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Elmwood provide a broad range of services from antenatal care, baby and child care, health promotion,psychological support and chronic disease care right through to care of the dying. Please use our search facility or click on a category below to find out more information.

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Services Contraception / Sexual Health Family Planning / Contraceptive services (mirena & implanon)

Family Planning / Contraceptive services (mirena & implanon)


We offer family planning and sexual health advice and fitting of all contraceptive services including Implanon, Mirena Coil and Oral Contraceptive Pill. During the consultation we will help you choose the ones thats right to you at your stage of life.

We provide a full range of contraceptive choices at elmwood
All of our doctors prescribe the various forms of pills, patch , ring but the long acting forms of contraception are only inserted by certain doctors and require 2 visits one for counselling and one for insertion. (see below)

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Related FAQs


What is the Pill

You've probably heard of the pill. It's been around since the 1960s and is still the most popular form of female contraception. .Although there are lots of different brands of pill markteted in Ireland they belong to two groups : the Combined Oral Contraceptive Pill and the Progestogen-Only Pill (sometimes called the "mini-pill").


What is the Vaginal Ring

The Vaginal Ring is a small flexible ring that contains estrogen and progestogen, it is inserted into the vagina by the women and is kept in place for three weeks; it is then removed for a one-week break. Following the week break, a new vaginal ring is inserted.


What is the Contraceptive Patch

The Contraceptive Patch contains estrogen and progestogen. It sticks to the skin and can be put on the stomach, thigh, buttocks or upper arm. It is not transparent, so this method is visible. The hormones are released continuously into the bloodstream through the skin. You wear a new patch each week for three weeks, followed by a week's break


What is the Emergency Pill

The most commonly used emergency contraceptive pill contains progestogen only and works by stopping your body releasing an egg. Women should take this type of emergency contraceptive pill as soon as possible after unprotected sex – ideally within 12 hours, but you can take it up to 72 hours after unprotected sex. However there is a newer type of pill now available in some countries which can be used up to 5 days, but you will need to see a doctor. In general though, the sooner a woman takes it, the more effective it will be. After using emergency contraception, you should use another form of contraception for the rest of your cycle to protect yourself if you do not want to become pregnant.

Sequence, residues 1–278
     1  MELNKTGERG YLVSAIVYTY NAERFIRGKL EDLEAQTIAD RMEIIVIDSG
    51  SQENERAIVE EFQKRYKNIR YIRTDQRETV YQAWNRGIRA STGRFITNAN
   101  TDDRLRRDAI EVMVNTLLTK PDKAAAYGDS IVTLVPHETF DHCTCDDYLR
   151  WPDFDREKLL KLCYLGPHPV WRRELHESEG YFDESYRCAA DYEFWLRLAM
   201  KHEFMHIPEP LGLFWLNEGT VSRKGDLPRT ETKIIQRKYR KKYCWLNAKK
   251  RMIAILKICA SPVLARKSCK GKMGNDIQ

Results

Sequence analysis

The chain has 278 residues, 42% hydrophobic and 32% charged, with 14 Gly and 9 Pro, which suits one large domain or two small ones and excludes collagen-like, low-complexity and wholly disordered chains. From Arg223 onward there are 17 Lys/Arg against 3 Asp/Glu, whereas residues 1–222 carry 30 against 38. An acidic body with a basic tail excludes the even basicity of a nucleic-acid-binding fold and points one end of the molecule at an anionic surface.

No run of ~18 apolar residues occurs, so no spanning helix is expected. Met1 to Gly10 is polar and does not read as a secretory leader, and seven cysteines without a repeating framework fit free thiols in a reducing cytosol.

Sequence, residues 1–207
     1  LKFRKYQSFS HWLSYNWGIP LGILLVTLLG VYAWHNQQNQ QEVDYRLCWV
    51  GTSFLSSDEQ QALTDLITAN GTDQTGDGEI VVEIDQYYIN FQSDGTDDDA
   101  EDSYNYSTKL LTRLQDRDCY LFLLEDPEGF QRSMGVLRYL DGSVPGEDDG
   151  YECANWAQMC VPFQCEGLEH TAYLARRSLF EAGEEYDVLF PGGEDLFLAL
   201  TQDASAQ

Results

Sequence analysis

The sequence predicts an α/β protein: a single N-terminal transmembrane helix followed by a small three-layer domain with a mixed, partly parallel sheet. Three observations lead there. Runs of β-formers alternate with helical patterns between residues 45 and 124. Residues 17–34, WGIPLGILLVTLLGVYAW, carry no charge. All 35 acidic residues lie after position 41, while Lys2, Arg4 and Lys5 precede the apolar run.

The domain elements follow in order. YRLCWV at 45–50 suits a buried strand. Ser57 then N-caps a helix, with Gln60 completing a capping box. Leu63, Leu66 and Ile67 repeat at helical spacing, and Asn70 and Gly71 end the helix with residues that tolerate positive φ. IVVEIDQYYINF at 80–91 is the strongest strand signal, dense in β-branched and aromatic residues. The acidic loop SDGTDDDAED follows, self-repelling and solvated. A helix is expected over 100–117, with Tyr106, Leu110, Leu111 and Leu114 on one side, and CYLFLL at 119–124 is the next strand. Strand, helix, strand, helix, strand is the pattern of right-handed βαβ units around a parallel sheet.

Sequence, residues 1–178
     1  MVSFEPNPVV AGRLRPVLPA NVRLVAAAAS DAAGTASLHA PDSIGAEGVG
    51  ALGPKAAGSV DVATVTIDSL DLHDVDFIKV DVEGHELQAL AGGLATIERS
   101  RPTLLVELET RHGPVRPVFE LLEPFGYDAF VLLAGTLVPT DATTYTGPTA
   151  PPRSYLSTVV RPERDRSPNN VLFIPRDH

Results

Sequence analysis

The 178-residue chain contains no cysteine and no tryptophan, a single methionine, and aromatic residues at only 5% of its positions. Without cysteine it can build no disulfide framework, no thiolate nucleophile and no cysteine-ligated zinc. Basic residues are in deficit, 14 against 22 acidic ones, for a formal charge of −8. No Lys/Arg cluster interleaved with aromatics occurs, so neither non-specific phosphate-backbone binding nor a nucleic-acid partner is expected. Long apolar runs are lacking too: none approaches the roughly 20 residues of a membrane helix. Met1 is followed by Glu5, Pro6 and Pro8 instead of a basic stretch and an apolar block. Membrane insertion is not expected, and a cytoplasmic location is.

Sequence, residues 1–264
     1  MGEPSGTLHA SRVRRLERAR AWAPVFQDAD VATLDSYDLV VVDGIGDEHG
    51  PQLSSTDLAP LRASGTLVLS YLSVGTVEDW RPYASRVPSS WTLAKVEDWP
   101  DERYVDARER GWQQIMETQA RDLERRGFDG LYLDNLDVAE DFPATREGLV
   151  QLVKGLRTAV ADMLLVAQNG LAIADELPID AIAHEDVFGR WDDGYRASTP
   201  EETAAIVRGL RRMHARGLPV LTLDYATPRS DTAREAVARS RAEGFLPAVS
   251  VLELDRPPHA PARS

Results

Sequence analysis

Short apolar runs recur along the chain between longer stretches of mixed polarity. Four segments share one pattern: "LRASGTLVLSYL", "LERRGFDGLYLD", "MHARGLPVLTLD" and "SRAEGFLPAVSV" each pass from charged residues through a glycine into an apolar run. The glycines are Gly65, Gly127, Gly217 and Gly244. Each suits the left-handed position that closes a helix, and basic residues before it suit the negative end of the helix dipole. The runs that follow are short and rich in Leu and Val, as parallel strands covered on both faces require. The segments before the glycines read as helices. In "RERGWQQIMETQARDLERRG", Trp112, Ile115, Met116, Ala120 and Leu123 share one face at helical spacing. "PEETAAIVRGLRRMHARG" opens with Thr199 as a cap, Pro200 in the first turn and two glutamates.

What are Intrauterine Methods

If you are looking for a contraceptive method that you can use and forget about for longer periods of time, you may want to consider an intrauterine method. Intrauterine methods can be broadly divided into two types - hormone releasing intrauterine systems (IUS)OR MIRENA and copper bearing intrauterine devices (IUD). The IUS or IUD is inserted into a woman's womb through her vagina.

Intrauterine methods are the longest acting reversible methods, which can provide contraceptive protection for up to 10 years.

Once inserted, there is no need to do anything right before, during, or after sex, which provides flexibility. You can completely forget about it. A small soft plastic rod OR IMPLANT containing progestogen is inserted in your upper arm with minor surgery carried out by a trained doctor. The progestogen is released in tiny doses and the implant prevents pregnancy for three years. It can be removed at any time by minor surgery. The injection is a long-acting hormonal method providing effective contraception. Progestogen-only injections are also suitable for women who are breast-feeding, and those who do not tolerate estrogen. The contraceptive injection has very high reliability when used properly.

Injections may also reduce heavy painful periods and help reduce premenstrual symptoms. Periods and fertility may take up to a year to return after stopping injections.

Some women experience headaches, dizziness, pimples and greasy skin, bloating, weight gain, breast tenderness, abdominal discomfort, and changes in mood and sex drive. As the hormones cannot be removed from the body once the injection has been administered, side effects may continue from the time of the injection and for some time afterwards. With the progestogen-only injection women may have a risk of losing bone mineral density which may increase the risk of osteoporosis.

The implant is suitable if you want long-term contraception and wish to avoid taking or using a contraceptive everyday. It may also be suitable if you are breast-feeding, and or do not tolerate estrogen. The contraceptive implant has very high reliability when used properly.

Once you get it removed your fertility (ability to become pregnant) will return to normal.

The implant can cause similar side effects as you would experience with the combined pill but you may also experience irregular bleeding for the first few months

The implanon implant is fitted by Dr Rose Curtin

- The IUS can improve heavy and painful periods, protect against pelvic infections and cancer of the womb lining.
- The IUD can be used as an emergency contraceptive.
- The ability to get pregnant will return soon after the IUS or IUD is removed.

Mirena's are fitted by Dr Nikki Murphy, Dr Jennifer Shine and Dr Nuala O'Connor